I have noticed an increase in these ‘instruction manuals’ that are now issued with kit and I quite like it, makes things ‘squaddie’ proof…well as best you can. It’s a great breakdown of the pouch with simple steps to allow a user to become very ofay with the system showing its various set ups of which there are 3 for the reflex pouch.


Double Stack: This is the primary set up and allows the pouch to work at its full performance. As you can see the rear magazine sits further down than the front magazine, this is to allow a very quick ‘hand > magazine > draw’ movement. I personally found this a lot quicker than trying to draw from either tacos or shingle, but it was not as quick as my 10 speed line. Once that front magazine has been drawn then the steel plate pushes the rear magazine forward for instant use, allowing you to reinsert (behind the now front magazine) your ½ used magazines. This action is then carried out until both magazines are empty. When you’re in a double stack mode and you only have x1 magazine in the pouch there is good retention due to the spring but I did have a few minor ‘magazine falls’ when carrying out some aggressive movements. This was easily rectified by unfastening the Velcro tabs, inserting both magazines in, applying some extra pressure and then refastening the Velcro tabs.


Single Stack: Same principle as the double stack only this does require you to unfasten the Velcro tabs, adjust for a single magazine pressure and refasten the Velcro tabs. I only used this once as I personally felt no need to have a pouch with that size of profile holding x1 magazine and I also felt that it was not functioning at its optimal level.


Low Profile: Unfasten all the Velcro, remove the ‘steel spring plate’ and then refasten Velcro. This action was carried out in a safe environment but never used in field as again I felt it defeated the point of purpose of this pouch. It also meant you would have to carry the steel plate with you and that presented its own little quandary.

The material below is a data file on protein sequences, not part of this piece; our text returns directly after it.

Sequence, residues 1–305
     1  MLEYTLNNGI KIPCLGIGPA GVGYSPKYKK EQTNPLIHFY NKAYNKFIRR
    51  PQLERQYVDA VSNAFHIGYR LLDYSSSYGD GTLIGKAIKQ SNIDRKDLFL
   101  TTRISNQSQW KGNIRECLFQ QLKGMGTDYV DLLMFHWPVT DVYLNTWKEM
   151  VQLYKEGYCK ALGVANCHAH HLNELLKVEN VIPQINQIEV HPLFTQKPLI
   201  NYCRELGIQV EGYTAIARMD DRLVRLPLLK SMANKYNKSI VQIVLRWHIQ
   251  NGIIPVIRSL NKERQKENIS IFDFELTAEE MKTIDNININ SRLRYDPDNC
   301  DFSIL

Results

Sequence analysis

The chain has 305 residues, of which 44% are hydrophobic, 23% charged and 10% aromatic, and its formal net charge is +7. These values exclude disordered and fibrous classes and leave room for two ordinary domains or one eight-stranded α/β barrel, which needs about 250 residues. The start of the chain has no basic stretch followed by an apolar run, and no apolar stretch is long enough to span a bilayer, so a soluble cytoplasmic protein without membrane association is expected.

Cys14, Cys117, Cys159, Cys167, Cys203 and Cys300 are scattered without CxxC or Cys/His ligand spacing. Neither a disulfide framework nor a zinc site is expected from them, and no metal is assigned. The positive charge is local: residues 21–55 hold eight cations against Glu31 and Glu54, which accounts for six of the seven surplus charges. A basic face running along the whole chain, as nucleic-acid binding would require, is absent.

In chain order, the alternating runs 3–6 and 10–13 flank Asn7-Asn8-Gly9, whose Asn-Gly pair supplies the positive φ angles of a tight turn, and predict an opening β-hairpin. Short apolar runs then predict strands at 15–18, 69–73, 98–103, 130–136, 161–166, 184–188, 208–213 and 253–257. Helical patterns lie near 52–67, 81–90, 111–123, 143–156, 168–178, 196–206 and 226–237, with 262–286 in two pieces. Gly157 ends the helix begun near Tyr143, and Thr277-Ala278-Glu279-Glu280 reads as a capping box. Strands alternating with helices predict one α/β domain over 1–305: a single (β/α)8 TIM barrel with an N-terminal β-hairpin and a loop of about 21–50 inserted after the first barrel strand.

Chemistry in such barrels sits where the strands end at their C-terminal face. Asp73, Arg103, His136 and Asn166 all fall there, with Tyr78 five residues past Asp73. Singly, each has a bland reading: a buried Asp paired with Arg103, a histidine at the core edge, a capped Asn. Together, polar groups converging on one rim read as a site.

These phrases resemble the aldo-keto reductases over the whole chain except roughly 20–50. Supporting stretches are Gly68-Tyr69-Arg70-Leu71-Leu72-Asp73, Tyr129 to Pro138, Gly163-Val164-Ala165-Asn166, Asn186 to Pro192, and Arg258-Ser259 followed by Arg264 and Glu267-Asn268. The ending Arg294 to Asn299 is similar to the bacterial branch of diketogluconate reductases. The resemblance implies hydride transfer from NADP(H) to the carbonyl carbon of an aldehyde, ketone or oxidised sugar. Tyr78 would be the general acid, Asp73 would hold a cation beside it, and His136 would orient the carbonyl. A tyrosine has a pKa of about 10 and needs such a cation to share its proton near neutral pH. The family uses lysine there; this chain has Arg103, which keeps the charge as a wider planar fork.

As you can see from some of the pictures I had no problems in using either a 5.56 or 7.62 style magazine with two different magazine pulls. I understand that there are different versions in the R&D / T&E stages to accommodate different size & calibre magazines and I would suggest you contact your retailer or ‘Regulation Tactical’ about those future developments.


The main challenge I found with this pouch was its size. It’s not small or low profile and with the ‘steel sprung plate’ you can certainly feel it when prone. Now you will see no pictures of me with this pouch mounted front and centre on any of my rigs as I carried out some simple ‘home’ tests prior to going into the field with it. Having addressed this challenge I was more than happy to run it on my belts and I had no difficulty in the use and had no issues with the pouch doing what it was supposed to. I personally would not look to have ‘multiples’ of these pouches on either my belt order or rigs as I found the size and nature of what the system was achieving did not facilitate more than a ‘1 pouch need’.